It all started at our town’s outdoor Symphony in the Park. The community band played “Oklahoma,” the state song. Before “Okla” got to “homa,” most in the crowd, including me, were standing up and clapping to the music.
My husband could only sit there and wonder why.
Dear Husband, who came from Pennsylvania by way of Florida, couldn’t understand the reason for standing and clapping during the state song. Maybe it’s because his soul wasn’t stirred by:
Mighty is your name,
Steeped in glory and tradition,
Object of acclaim,
Where brave men fought the foe of freedom,
‘Til the bell of independence filled the countryside.”
However, the Florida part of him surely would stand for:
“Way down upon the Swanee River,
Far, far away.
There’s where my heart is turning ever.
There’s where the old folks stay.”
No, he said. He never stood for “Swanee River.”
I polled friends on Facebook to see where they stood on standing for a state song.
The Oklahoma friends all immediately said they’d stand.”Why wouldn’t we stand and take pride in our state?”
But, my Texas FB friends were strangely silent, perhaps worried about being drowned by the “Oklahoma” fans.
When I asked them specifically if they stand for “Texas Our Texas,” their replies were “What state song?” and “haven’t heard it since seventh grade Texas History Class.”
Maybe if the state adopted “Deep in the Heart of Texas.” Who could resist clapping after: “The stars at night are big and bright…”
No response from my cousin in Colorado or my friends in Missouri or Kansas.
Surely people in Kansas know their song by heart:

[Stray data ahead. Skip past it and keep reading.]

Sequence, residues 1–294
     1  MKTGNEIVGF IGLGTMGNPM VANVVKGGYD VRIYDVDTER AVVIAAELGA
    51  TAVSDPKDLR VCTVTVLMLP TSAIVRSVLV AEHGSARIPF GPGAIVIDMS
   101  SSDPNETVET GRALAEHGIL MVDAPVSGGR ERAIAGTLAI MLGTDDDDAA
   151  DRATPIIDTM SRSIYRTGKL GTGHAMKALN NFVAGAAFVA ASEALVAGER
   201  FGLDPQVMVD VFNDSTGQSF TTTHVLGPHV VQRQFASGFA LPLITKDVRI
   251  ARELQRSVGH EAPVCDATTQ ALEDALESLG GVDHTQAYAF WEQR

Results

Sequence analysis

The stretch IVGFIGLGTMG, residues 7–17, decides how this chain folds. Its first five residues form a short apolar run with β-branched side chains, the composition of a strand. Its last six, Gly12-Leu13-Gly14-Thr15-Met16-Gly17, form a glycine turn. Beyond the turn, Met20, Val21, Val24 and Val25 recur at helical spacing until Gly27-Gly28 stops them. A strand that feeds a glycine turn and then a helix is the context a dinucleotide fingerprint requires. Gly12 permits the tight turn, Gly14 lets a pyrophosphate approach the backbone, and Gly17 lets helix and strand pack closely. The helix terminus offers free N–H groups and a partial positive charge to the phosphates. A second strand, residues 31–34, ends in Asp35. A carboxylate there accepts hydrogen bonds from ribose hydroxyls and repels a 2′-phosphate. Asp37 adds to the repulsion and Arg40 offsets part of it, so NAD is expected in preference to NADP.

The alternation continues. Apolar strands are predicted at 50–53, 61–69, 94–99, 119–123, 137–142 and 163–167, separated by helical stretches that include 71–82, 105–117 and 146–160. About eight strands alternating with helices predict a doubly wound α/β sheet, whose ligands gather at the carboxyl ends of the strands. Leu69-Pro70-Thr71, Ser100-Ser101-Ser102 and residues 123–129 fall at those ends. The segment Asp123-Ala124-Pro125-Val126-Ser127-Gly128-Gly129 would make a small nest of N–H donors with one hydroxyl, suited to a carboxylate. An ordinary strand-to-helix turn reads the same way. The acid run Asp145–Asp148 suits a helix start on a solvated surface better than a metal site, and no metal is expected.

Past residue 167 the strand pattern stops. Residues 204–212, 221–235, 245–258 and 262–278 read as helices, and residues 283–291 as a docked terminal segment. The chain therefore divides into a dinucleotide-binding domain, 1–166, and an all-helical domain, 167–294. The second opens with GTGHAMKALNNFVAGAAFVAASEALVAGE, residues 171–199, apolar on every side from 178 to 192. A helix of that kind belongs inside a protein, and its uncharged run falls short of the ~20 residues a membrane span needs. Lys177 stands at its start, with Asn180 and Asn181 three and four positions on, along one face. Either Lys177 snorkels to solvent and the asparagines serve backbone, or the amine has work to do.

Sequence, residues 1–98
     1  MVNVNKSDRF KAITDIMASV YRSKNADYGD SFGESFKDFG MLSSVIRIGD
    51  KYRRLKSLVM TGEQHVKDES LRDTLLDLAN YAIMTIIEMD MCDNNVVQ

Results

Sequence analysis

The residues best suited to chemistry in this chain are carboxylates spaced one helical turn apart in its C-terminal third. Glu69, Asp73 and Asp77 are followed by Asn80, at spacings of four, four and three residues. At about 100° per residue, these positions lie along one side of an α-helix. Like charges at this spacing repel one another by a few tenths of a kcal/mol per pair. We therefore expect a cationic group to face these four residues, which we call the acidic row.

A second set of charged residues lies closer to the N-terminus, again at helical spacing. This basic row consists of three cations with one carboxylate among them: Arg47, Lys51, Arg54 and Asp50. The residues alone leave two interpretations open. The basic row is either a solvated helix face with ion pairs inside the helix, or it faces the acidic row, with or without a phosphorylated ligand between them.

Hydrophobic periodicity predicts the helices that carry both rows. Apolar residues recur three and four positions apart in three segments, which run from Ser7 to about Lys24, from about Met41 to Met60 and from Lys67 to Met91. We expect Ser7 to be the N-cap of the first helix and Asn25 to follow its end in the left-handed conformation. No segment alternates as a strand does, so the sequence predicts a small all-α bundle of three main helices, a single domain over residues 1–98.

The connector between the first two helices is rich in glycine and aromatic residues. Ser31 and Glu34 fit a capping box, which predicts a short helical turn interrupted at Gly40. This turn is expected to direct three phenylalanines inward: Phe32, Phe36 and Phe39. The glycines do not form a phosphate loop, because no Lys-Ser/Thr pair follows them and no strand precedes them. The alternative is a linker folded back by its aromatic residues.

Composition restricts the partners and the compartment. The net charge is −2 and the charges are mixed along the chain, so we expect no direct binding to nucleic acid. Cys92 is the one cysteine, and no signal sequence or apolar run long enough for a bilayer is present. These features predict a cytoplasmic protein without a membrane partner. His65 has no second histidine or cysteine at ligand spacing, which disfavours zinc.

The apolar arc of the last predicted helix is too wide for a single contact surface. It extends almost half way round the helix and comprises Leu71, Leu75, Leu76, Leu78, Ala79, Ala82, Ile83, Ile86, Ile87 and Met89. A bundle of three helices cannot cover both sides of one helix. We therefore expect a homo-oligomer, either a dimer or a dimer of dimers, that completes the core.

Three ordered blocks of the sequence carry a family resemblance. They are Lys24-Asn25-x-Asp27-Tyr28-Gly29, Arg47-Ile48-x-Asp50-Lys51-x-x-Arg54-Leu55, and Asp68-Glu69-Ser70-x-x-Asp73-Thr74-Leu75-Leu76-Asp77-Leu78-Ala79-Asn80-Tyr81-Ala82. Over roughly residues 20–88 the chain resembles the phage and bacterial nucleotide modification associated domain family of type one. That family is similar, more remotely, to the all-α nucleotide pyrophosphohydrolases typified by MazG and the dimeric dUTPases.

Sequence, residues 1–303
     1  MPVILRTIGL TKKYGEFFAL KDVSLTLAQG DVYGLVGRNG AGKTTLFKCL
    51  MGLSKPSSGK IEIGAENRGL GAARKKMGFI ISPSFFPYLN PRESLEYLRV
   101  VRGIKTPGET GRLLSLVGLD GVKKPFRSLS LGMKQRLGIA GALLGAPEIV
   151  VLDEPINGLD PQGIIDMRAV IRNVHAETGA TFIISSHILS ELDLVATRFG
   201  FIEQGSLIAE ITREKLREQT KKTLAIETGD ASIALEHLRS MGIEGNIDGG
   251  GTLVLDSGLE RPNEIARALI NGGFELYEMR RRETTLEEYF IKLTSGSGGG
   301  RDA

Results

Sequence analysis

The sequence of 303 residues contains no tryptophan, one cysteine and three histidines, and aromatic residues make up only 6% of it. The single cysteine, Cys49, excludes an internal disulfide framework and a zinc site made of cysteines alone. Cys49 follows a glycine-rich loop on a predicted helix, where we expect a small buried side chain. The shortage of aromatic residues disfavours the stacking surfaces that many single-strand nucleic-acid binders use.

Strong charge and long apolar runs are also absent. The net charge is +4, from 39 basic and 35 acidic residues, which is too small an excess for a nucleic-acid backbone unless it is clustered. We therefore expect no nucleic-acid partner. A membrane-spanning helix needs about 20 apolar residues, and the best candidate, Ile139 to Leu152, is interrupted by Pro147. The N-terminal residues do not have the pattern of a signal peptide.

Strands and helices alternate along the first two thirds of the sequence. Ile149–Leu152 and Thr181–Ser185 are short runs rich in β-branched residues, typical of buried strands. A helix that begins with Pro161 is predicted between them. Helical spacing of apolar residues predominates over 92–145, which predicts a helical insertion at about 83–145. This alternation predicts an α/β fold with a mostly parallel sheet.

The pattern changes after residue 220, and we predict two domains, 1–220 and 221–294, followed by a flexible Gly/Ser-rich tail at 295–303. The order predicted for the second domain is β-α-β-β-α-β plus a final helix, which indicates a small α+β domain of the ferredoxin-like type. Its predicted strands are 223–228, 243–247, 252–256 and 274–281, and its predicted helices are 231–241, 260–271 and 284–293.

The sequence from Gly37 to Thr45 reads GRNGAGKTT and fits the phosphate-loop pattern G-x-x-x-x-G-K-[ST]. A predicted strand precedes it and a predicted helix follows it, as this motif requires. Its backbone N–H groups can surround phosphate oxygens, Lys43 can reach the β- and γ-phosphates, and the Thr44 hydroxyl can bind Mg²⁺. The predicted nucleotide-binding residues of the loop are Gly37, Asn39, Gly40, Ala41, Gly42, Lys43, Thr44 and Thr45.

“Home, home on the range.
Where the deer and the antelope play.
Where seldom is heard
The name of our state in this song.
And the skies are not cloudy all day.”
The author, one Brewster M. Higley, obviously never saw a Kansas tornado.
Colorado’s song also glories in the landscape while leaving us guessing on the state’s name:
“Tis the land where the columbines grow,
Overlooking the plains far below,
While the cool summer breeze in the evergreen trees
Softly sings where the columbines grow.”
Beautiful tune. Unfortunately, for too many, “Columbine” evokes not a pretty flower, but the Columbine High School massacre of 1900, when 12 students and a teacher were killed.
In 2007, Colorado adopted a second state song, a John Denver tune:
“It’s a Colorado Rocky Mountain High….”
The Missouri state song is “The Missouri Waltz.” Do people get up and dance when it’s played?
“Tennessee Waltz,” a 1950s pop song about a two-timing sweetheart and a mate-stealing friend, was Tennessee’s state song for about 17 years. It was replaced by “Rocky Top” in 1982 and by two other songs since then. Tennessee has had seven state songs, so far.
I wished I had some Kentucky or Indiana friends to poll. The Derby and The Indy 500 can’t start without people standing and getting weepy-eyed at “My Old Kentucky Home” and “Back Home Again in Indiana.” (Which is not the real Indiana state song. That honor goes to “On the Banks of the Wabash,” which is eerily similar to “Back Home Again.”)
What makes a good state song?
A mention of the state would help. Hear that Kansas, Colorado, Florida?
It needs images and sensations that make one proud of the state, happy to be there.
Must it make you stand and clap?
The loveliest state song, “Georgia on My Mind” doesn’t inspire standing, much less, clapping.
I suspect we Oklahomans stand and clap not only because “Oklahoma” is our state song. We do it because it’s a great song.
It’s a pep rally set to music. The only state song that comes close to such vitality is “On, Wisconsin,” a sporty tune co-opted by high school football teams across the country.
The spirit builds with not one, but two lead-ins. Then comes that rising instrumental bridge before the pride hits with “OOOOk-lahoma where the wind comes sweeping down the plain.”
A good choral version would climax with a second reprise in tight harmony, descants soaring above everyone else.
I doubt I’d stand if I heard it the song some place else, like in Omaha or Des Moines. And I’m not standing for the “Gonna give you barley, spinach and pertaters” part.
But when that song starts stirring, and others start getting up, expect me to be one of the first.
The land I belong to is grand.